Tafasitamab Combination Approved for Adults With R/R DLBCL

Evidence-Based OncologyAugust 2020
Volume 26
Issue 7
Pages: SP204

A new treatment option is approved for patients with a common form of non-Hodgkin lymphoma who cannot have an autologous stem cell transplant.

On July 31, FDA approved tafasitamab-cxix to be used in combination with lenalidomide for second-line treatment of adult patients with relapsed or refractory diffuse large B-cell lymphoma (DLBCL), meeting the needs of patients who are not eligible for an autologous stem cell transplant.

Tafasitamab, to be sold as Monjuvi by MorphoSys and Incyte, is a humanized Fc-modified cytolytic CD19 monoclonal antibody being studied in several B-cell malignancies. As described in the journal Blood, the treatment uses Xencor’s proprietary Xmab technology, which deploys a different technique to boost affinity for the antigen and make various receptors especially capable of binding to it. In 2018, authors in Annals of Oncology described how this sets off particularly effective processes that target cancer cells and regulate cell death.

Approval was based on phase 2 results for 80 patients in the L-MIND trial, which reported an update May 2019 at the American Society of Clinical Oncology, with final results published last month in The Lancet. Results submitted to FDA showed an overall response rate of 55%, including a compete response rate of 37% and a partial response rate of 18%. Median duration of response was 21.7 months. Common adverse events included neutropenia, fatigue, anemia, diarrhea, thrombocytopenia, cough, pyrexia, peripheral edema, respiratory tract infection, and decreased appetite.

Among non-Hodgkin lymphomas, DLBCL is the most common subtype, accounting for 22% of cases in the United States and 40% worldwide, with about 18,000 US cases per year. People are at higher risk if they have HIV, an autoimmune disease, or if they have had an organ transplant. More common in older people, DLBCL can be very aggressive. Although well-known treatments have been developed, there are gaps—and a notable one is when DLBCL cannot be kept in remission after chemotherapy but the patient is not eligible for an autologous stem cell transplant. Some of these patients have had chimeric antigen receptor (CAR) T-cell therapy, but this process is costly with significant side effects.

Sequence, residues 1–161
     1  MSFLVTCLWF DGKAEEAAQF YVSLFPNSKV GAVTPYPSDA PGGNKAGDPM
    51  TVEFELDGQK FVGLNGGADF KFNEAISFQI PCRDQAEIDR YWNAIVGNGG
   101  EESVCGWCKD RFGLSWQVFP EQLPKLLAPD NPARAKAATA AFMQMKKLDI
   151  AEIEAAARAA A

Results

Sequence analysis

“The FDA approval of Monjuvi in combination with lenalidomide helps address an urgent unmet medical need for patients with relapsed or refractory DLBCL in the United States,” Hervé Hoppenot, CEO of Incyte, said in a statement. “At Incyte we are committed to advancing patient care and are proud to bring this new and much-needed targeted therapeutic option to appropriate patients and the clinical community.”

FDA had previously granted the combination Fast Track and Breakthrough Therapy Designation in this indication.

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